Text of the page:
Some people genuinely seem to believe that no platforming and censorship are the same thing. It comes up every now and then, this annoying argument, like a turd that just won’t flush. And so I write this post, in an attempt to break it up with a butter knife before flushing again.
Let’s start by discussing what censorship is. Censorship is something that comes from the top down: it’s done by the government or the media, those with the power to control who speaks in the public domain. The aim of censorship is to quash dissent, to silence voices speaking out against their aims, and to maintain the status quo. Censorship can only be enacted by those who are capable of doing so: those who have the means of blocking webpages, redacting documents, editing what gets published, and so forth. Censorship is an expression of power.
Let’s compare this to no platforming. No-platforming, in contrast, is bottom up. Those who organise events can democratically and transparently decide who to invite, and who not to. Likewise, people can suggest to organisers that perhaps it is inappropriate to invite a certain person to speak, and democratically and transparently apply pressure to disinvite people. The aim of no platforming is to avoid giving someone who is known to be an active contributor to oppressive power structures any further airing, and to maintain a safer space. It’s a refusal of complicity in oppression. No platforming is enacted by ordinary people: trade unions, pressure groups, activists, and just the regular everyday sibling on the street. It’s a tool we can use because, unlike the government and the media, we have no direct control over public discourse: all we can do is choose who to listen to. It’s important to note that this is an aspect of free speech often overlooked: the power to not listen, and the power to challenge. No platforming is an expression of free speech and democracy.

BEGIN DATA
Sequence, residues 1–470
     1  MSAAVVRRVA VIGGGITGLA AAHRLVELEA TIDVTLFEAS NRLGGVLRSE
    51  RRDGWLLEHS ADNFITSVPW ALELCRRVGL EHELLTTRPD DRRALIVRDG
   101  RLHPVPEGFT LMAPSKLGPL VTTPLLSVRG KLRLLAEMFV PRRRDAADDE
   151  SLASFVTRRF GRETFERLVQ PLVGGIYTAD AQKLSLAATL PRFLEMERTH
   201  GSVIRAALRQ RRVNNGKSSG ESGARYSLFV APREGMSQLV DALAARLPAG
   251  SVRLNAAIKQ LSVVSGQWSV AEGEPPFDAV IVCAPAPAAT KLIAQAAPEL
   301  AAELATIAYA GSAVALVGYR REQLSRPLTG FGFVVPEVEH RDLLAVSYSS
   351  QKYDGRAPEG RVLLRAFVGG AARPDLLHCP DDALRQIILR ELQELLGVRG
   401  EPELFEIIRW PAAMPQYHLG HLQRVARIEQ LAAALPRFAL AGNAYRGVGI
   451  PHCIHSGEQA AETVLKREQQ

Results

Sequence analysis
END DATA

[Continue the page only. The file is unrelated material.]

Some don’t see it that way, and it’s no coincidence that these people tend to be the sorts to get themselves no platformed. It’s no secret that fascists hate being no platformed, and indeed it’s about the only time they care about free speech, and no surprise that people like Nick Griffin will play the victim and cry censorship when venues refuse to host his vile parade of fascists, or they don’t get invited to shit. George Galloway, rape apologist and all-round tankie bellend, famously threatened to sue the NUS after they passed a no platform motion against him. And, right now, reams of column inches are being wasted on whinging about how it’s unfair and mean that noted enemy of bi women, sex workers and trans women, Julie Bindel is no platformed in a lot of spaces.*
It’s no coincidence that when someone is no platformed, the media will gladly report on the no platforming, often uncritically repeating the hate speech that got them no platformed in the first place: someone who is no platformed will generally have their own platform within traditional modes of communication. They will be a media personality. That’s how people choosing to no platform will find out that a speaker is inappropriate: from public presence. No platforming is a pretty small weapon, all things considered. It’s like throwing a pebble at a charging rhino.
Nonetheless, it’s a weapon that those who benefit from the current system want to take away from us. Their sense of entitlement to our spaces knows no bounds, and their contempt for the will of the people is evident. And so they will do what they can to quash this tiny little tool that we have.
But remember this: no platforming and censorship are not the same thing. Censorship is their tool, to keep us down. No platforming is ours, and a niggling little thorn in their side.
*As an aside, yes, I once did share a platform with Julie Bindel. My mental health was poor at the time I agreed to do it, and I didn’t really understand what I was getting in for. It went better than it could have, but it was a mistake, and I own that mistake.